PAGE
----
What is Normalization?

Some common functional groups and substructures can be legitimately drawn in more than one way.  In order to facilitate a query matching a target at search time, it is helpful to ensure that both are present in the same form.  The rephrasing of various molecular features into arbitrary, standard forms is called normalization.


Normalization consists of identifying particular patterns of atoms and bonds, and transforming them to a different pattern.  The order of the normalization steps (rules) does not generally matter, with a few exceptions.  Some of the steps are:

  1. Reaction normalization.  Ensure atom-to-atom map and reaction centers are defined.  For non-reactions, any reaction centers are stripped.
  2. Delete textual atoms.  These are cosmetic atoms of the special "text" type.  They are occasionally used in-house to annotate molecules, but are mainly jetsam received from ChemDraw structures containing text labels.
  3. Convert neutral diazo to the zwitterion, R2C=N=N --> R2C=N(+)=N(-)
  4. Convert neutral isonitrile to the zwitterion,  R-N#C  --> R-N(+)#C(-)
  5. Convert R3N=O to R3N(+)--O(-), including pentavelent nitro, RN(=O)2
  6. Convert M(+)--X(-) to M-X when M and X are both hypervalent.  (disabled)
  7. Discard neutral, non-bonded delreps.  Instead, convert the order of any involved bonds to delocalized.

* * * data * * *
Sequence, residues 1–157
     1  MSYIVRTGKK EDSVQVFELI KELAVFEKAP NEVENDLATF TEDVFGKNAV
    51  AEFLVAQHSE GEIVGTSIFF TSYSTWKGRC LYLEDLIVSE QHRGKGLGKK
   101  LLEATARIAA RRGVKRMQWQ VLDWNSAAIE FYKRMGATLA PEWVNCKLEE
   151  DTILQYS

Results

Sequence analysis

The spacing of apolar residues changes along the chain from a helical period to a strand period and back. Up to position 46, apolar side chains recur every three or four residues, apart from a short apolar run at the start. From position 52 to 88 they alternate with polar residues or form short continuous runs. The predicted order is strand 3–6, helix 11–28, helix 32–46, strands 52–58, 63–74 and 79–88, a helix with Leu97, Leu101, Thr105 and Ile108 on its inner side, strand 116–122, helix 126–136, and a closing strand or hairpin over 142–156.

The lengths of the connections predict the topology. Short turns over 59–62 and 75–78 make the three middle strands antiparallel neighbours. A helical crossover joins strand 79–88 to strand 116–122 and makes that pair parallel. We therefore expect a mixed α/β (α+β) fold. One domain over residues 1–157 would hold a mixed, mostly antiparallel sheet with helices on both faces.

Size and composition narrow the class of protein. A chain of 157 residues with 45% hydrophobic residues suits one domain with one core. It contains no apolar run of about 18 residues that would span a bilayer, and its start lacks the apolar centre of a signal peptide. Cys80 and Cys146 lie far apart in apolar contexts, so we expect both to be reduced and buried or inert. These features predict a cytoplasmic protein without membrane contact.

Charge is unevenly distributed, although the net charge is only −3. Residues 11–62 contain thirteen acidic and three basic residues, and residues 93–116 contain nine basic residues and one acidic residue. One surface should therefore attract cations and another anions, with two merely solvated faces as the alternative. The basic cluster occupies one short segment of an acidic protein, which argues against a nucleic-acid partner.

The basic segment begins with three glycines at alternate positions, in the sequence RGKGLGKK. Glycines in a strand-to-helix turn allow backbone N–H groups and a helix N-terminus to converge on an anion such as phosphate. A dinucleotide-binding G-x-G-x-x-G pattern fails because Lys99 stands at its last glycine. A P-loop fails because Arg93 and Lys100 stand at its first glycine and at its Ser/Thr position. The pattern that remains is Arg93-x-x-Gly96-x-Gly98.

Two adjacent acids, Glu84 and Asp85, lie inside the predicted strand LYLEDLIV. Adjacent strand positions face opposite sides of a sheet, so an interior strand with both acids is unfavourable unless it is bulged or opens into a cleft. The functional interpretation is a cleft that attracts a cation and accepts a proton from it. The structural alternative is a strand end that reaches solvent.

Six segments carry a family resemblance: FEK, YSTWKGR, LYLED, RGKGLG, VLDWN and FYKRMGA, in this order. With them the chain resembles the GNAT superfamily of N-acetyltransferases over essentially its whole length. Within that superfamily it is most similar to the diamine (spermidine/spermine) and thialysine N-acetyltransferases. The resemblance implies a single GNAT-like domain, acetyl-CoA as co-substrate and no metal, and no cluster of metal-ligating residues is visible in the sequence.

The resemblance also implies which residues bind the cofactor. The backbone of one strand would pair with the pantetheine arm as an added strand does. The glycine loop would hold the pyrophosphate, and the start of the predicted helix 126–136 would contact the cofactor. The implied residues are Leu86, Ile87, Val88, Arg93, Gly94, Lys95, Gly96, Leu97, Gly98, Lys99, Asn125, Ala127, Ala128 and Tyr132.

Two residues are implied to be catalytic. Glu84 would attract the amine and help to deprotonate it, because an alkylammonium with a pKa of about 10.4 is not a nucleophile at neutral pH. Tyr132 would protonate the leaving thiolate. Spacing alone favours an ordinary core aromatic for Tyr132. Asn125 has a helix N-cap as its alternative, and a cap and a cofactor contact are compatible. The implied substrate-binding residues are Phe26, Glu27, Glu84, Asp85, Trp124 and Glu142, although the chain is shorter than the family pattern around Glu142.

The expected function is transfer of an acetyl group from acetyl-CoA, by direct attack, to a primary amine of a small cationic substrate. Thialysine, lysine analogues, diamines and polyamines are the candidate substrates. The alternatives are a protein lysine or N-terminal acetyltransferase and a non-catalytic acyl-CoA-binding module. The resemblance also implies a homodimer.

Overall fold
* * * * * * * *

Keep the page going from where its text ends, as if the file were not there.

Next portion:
8. [1] Convert neutral tetravalent N to the cation.

[1] This step alters the meaning of the structure in an attempt to make sense out of it.  It is therefore hazardous.

Technical Notes

Normalization is a cooperative effort between the ccMolecule class, which directs, and the ccPercep class, which makes the actual changes. The latter is useful because it holds so much of the information by which the conversions are staged.  It returns maps describing how atom and bond numbers were resequenced, so that any data structures tied to them can be updated.  When a change is made, the ccPercep part terminates immediately, so that perception sets may be regenerated according to the new version.  The ccMolecule driver then resubmits the structure in case other, later, normalization rules need to be applied.  (This design carries the danger of infinite looping, however there is protection against this.)

All changes are accompanied by a message to the default logger.